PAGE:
• "Available funds" does not equal collected funds. Even if the bank makes a check’s funds available within two days, it does not guarantee that the actual check will be paid. Fake checks often take up to a week to get returned because scammers put fake routing numbers on the checks.
  • Be sure to wire only “collected funds” from your trust account. Wired funds are very hard to recover if a check is returned as counterfeit.
  • Closely examine cashier’s checks. Scammers are now counterfeiting certified bank checks from nearly every major and minor bank. For a complete list of counterfeit check alerts, go to the US Treasury Dept. website at alerts/2011/index-2011-alerts.html.
  • Be wary of doing business with out-of-state clients via email. Look for suspicious generic terms in the emails like “your jurisdiction” and for poor grammar.
  • Question how the client found you. If the client is requesting services from you which are out of your area of expertise that is a warning sign that something may be awry.
  • MONITOR YOUR TRUST ACCOUNT REGULARLY! If someone is writing fraudulent checks on your trust account, you should be able to catch it during your monthly review. If you are suspicious of illicit activity, daily or weekly make reviews of your trust account. Keep your staff informed of these scams so they can spot the tell-tale signs of fraud.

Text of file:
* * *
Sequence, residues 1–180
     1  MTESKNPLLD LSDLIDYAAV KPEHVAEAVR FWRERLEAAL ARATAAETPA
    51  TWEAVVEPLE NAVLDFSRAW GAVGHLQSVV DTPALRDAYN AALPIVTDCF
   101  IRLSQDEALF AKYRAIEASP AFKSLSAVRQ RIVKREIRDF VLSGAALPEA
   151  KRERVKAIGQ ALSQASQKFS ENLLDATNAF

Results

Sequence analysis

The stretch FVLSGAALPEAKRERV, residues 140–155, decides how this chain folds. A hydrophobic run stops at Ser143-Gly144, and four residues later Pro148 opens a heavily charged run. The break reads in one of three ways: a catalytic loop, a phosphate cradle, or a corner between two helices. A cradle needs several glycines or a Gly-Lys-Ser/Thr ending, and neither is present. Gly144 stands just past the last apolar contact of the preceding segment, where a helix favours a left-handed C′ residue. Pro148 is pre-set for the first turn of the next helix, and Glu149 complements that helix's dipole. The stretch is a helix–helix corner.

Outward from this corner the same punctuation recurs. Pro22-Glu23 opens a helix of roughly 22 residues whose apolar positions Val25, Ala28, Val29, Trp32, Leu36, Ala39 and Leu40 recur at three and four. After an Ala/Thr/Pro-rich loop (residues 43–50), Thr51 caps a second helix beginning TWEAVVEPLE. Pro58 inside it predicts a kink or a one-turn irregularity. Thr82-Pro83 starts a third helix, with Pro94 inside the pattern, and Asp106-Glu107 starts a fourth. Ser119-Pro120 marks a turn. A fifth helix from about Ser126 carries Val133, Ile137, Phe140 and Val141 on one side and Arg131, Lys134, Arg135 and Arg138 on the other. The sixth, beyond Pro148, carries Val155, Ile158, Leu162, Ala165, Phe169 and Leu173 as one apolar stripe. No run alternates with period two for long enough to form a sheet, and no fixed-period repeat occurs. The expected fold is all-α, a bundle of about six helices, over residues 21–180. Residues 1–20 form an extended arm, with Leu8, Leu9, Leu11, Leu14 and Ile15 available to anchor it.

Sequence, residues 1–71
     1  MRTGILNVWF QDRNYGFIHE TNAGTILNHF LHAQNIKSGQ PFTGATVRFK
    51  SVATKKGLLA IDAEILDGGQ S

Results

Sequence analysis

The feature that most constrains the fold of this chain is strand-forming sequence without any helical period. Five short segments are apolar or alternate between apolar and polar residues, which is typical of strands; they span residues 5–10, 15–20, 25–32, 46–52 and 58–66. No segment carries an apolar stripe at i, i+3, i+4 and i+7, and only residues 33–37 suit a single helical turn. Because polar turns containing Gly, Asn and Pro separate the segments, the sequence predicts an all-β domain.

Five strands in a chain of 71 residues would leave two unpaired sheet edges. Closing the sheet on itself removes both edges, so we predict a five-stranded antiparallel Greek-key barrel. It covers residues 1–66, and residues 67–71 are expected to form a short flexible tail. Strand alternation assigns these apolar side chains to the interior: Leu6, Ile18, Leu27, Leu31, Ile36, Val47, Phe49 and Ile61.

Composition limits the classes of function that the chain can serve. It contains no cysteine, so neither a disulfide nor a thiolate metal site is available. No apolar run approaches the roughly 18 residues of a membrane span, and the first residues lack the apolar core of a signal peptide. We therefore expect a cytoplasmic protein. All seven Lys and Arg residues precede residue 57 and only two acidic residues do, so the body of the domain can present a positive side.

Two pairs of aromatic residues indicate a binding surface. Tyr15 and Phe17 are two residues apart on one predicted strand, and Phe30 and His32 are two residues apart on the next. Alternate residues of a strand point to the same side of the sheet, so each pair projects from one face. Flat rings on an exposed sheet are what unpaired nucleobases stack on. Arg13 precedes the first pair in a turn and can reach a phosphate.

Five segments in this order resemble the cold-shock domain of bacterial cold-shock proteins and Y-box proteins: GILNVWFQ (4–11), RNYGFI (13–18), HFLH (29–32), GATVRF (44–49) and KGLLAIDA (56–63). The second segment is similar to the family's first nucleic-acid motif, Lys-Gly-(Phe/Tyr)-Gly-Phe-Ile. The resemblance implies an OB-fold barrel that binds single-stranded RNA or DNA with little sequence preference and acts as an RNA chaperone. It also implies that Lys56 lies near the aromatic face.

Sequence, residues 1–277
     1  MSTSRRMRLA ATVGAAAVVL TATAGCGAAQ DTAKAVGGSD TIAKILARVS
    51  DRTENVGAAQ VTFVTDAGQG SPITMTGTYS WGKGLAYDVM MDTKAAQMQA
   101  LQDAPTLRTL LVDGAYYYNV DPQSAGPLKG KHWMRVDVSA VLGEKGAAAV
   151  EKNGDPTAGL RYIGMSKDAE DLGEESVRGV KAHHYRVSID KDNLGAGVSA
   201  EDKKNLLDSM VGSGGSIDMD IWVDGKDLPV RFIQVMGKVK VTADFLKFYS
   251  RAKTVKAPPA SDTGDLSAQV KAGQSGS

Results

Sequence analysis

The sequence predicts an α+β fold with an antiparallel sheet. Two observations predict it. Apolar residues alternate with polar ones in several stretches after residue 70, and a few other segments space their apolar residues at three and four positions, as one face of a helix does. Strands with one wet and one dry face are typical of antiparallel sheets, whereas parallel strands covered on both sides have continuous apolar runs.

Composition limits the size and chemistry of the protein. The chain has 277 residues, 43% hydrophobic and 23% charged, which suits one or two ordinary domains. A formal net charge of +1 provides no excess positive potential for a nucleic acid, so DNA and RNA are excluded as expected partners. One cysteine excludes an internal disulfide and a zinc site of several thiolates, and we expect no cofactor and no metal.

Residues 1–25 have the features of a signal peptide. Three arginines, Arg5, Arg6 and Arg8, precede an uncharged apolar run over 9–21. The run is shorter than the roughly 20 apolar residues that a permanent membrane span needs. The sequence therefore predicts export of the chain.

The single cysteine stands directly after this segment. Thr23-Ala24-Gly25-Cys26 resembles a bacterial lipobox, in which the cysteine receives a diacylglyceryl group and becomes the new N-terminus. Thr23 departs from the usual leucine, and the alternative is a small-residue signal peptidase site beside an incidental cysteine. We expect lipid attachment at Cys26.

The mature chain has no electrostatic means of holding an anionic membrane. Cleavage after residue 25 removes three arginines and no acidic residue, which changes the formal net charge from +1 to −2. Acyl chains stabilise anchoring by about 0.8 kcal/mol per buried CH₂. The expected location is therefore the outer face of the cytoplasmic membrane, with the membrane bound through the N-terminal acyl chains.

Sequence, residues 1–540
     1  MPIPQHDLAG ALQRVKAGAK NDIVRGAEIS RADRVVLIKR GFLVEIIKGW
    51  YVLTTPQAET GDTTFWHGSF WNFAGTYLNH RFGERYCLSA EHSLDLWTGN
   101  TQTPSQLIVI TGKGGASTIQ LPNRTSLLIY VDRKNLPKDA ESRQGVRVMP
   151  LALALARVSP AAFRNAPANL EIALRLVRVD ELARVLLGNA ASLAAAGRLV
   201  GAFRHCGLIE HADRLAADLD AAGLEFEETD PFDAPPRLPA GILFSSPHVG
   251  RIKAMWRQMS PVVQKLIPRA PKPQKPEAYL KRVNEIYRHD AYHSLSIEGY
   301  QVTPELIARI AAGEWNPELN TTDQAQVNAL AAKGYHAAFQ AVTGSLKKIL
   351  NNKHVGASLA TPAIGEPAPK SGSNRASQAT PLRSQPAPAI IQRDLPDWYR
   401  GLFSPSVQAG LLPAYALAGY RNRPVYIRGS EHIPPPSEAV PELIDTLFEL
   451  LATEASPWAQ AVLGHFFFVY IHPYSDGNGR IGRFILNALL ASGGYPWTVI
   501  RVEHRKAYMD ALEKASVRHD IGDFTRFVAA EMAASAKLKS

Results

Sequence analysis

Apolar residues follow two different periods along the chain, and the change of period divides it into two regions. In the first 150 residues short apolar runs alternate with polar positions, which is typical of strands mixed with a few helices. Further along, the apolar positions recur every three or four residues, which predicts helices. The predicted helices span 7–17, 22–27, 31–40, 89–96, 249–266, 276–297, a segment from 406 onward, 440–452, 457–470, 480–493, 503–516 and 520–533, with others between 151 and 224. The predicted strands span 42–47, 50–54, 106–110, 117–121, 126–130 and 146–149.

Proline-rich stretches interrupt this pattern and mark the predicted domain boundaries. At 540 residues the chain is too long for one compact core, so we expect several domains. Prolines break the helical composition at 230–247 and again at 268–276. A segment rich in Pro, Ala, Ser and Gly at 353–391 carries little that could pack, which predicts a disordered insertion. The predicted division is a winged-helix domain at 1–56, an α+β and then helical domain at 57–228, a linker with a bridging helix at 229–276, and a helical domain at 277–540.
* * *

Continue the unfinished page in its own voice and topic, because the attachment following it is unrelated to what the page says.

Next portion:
• If something seems fishy, it probably is.

By following these tips, knowing your clients, and monitoring your trust account, you can protect your firm and yourself from attacks by Internet financial criminals.

If you believe that your firm has been subject to an attempted or successful fraud, contact the State Bar at (919) 828-4620 and the North Carolina Attorney General’s Office at (919) 716-6000.


  1. Martha Neil, Lawyer Victimized in $300K Check Fraud is Charged with Money-Laundering, ABA Journal (Aug. 27, 2010).
  2. The amount of the check was actually $298,750. Scam artists will often avoid round numbers in order to make the amount in question appear legitimate.